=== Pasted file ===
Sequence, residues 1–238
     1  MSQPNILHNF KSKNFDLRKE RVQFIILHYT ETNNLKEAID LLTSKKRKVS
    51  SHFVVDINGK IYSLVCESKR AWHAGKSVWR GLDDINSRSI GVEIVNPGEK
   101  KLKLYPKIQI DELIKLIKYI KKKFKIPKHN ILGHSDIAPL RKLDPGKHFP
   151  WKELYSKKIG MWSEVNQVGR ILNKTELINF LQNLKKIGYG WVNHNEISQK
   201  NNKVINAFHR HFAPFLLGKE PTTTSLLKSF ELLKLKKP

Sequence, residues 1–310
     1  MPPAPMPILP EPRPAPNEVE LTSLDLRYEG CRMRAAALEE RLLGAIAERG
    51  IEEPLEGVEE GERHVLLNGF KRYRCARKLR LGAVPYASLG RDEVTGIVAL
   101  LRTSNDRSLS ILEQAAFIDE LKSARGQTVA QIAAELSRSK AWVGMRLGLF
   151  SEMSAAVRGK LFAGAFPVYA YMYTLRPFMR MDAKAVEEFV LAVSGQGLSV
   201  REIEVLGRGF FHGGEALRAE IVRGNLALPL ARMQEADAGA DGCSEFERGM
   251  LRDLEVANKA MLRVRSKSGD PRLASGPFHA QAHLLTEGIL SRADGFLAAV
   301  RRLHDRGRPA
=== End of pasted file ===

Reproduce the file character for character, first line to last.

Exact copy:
Sequence, residues 1–238
     1  MSQPNILHNF KSKNFDLRKE RVQFIILHYT ETNNLKEAID LLTSKKRKVS
    51  SHFVVDINGK IYSLVCESKR AWHAGKSVWR GLDDINSRSI GVEIVNPGEK
   101  KLKLYPKIQI DELIKLIKYI KKKFKIPKHN ILGHSDIAPL RKLDPGKHFP
   151  WKELYSKKIG MWSEVNQVGR ILNKTELINF LQNLKKIGYG WVNHNEISQK
   201  NNKVINAFHR HFAPFLLGKE PTTTSLLKSF ELLKLKKP

Sequence, residues 1–310
     1  MPPAPMPILP EPRPAPNEVE LTSLDLRYEG CRMRAAALEE RLLGAIAERG
    51  IEEPLEGVEE GERHVLLNGF KRYRCARKLR LGAVPYASLG RDEVTGIVAL
   101  LRTSNDRSLS ILEQAAFIDE LKSARGQTVA QIAAELSRSK AWVGMRLGLF
   151  SEMSAAVRGK LFAGAFPVYA YMYTLRPFMR MDAKAVEEFV LAVSGQGLSV
   201  REIEVLGRGF FHGGEALRAE IVRGNLALPL ARMQEADAGA DGCSEFERGM
   251  LRDLEVANKA MLRVRSKSGD PRLASGPFHA QAHLLTEGIL SRADGFLAAV
   301  RRLHDRGRPA